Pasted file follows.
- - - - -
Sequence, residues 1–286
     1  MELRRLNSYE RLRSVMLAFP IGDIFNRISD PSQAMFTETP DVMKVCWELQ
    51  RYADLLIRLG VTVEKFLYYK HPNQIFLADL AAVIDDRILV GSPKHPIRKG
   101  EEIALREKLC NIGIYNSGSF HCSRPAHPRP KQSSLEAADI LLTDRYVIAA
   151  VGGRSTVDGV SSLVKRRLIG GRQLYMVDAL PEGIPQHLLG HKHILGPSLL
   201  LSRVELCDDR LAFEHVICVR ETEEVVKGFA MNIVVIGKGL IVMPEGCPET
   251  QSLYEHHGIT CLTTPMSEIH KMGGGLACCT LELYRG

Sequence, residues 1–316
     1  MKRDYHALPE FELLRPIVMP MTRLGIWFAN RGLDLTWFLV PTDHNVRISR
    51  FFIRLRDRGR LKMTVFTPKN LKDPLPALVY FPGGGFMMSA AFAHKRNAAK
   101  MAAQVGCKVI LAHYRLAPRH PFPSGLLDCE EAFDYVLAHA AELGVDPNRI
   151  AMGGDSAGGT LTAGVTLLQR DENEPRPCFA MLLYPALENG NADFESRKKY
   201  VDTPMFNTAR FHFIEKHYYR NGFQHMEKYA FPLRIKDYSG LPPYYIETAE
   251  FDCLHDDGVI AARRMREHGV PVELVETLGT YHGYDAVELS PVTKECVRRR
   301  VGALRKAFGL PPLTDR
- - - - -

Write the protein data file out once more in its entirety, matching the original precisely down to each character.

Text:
Sequence, residues 1–286
     1  MELRRLNSYE RLRSVMLAFP IGDIFNRISD PSQAMFTETP DVMKVCWELQ
    51  RYADLLIRLG VTVEKFLYYK HPNQIFLADL AAVIDDRILV GSPKHPIRKG
   101  EEIALREKLC NIGIYNSGSF HCSRPAHPRP KQSSLEAADI LLTDRYVIAA
   151  VGGRSTVDGV SSLVKRRLIG GRQLYMVDAL PEGIPQHLLG HKHILGPSLL
   201  LSRVELCDDR LAFEHVICVR ETEEVVKGFA MNIVVIGKGL IVMPEGCPET
   251  QSLYEHHGIT CLTTPMSEIH KMGGGLACCT LELYRG

Sequence, residues 1–316
     1  MKRDYHALPE FELLRPIVMP MTRLGIWFAN RGLDLTWFLV PTDHNVRISR
    51  FFIRLRDRGR LKMTVFTPKN LKDPLPALVY FPGGGFMMSA AFAHKRNAAK
   101  MAAQVGCKVI LAHYRLAPRH PFPSGLLDCE EAFDYVLAHA AELGVDPNRI
   151  AMGGDSAGGT LTAGVTLLQR DENEPRPCFA MLLYPALENG NADFESRKKY
   201  VDTPMFNTAR FHFIEKHYYR NGFQHMEKYA FPLRIKDYSG LPPYYIETAE
   251  FDCLHDDGVI AARRMREHGV PVELVETLGT YHGYDAVELS PVTKECVRRR
   301  VGALRKAFGL PPLTDR